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New Left Review 22, July-August 2003


A world-systems view of the prospects for the American imperium, after the occupation of Iraq. The confidence of the Republican Administration, the misgivings of its allies and the uncertainties of a transition to a new historical order.

IMMANUEL WALLERSTEIN

ENTERING GLOBAL ANARCHY

The Bush administration has the wind in its sails with the conquest of Iraq. It thinks it can do what it wants and will probably act on this belief for the foreseeable future. It is understandable that Pentagon hawks, who have long preached that militarism would pay off, now feel they have clear proof for their thesis. It is equally natural that opponents of American imperialism should feel demoralized by the apparent us success. I will argue that both assessments miss the mark and fail to grasp what is really happening in the geopolitical arena. In what follows I will construct my analysis around three periods: the postwar apogee of us hegemony, from 1945 to 1967–73; the late summer glow, stretching from 1967–73 until 2001; and the stage that stretches ahead of us, from 2001 until 2025 or 2050: one of anarchy which the us cannot control. I shall distinguish three axes within each period: the internal competitive struggles of the major loci of accumulation of the capitalist world-economy; the ‘North–South’ struggle; and the battle to determine the future world-system, between two groups that I shall metaphorically label the camps of Davos and of Porto Alegre.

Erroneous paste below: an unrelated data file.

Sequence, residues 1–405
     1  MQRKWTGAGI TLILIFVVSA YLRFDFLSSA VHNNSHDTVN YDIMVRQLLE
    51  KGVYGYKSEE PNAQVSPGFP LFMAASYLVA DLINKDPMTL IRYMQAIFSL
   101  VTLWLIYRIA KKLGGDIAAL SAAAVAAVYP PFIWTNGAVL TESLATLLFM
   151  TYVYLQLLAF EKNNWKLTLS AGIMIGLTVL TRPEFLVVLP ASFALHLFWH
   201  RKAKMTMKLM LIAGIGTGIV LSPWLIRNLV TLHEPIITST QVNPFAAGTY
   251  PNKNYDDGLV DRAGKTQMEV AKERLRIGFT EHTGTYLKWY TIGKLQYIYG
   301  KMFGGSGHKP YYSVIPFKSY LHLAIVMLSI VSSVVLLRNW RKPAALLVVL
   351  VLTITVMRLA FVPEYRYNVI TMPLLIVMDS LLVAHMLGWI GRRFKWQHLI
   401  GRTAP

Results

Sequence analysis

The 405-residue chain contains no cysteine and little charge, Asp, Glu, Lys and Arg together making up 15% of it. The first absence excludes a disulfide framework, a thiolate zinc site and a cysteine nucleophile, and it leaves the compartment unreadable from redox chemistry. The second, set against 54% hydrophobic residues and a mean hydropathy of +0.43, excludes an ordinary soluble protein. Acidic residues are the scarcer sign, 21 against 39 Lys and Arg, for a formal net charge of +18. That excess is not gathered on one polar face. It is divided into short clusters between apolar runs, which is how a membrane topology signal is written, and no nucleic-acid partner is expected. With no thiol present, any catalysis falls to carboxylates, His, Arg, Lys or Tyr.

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Immanuel Wallerstein, ‘Entering Global Anarchy’, NLR 22: £3
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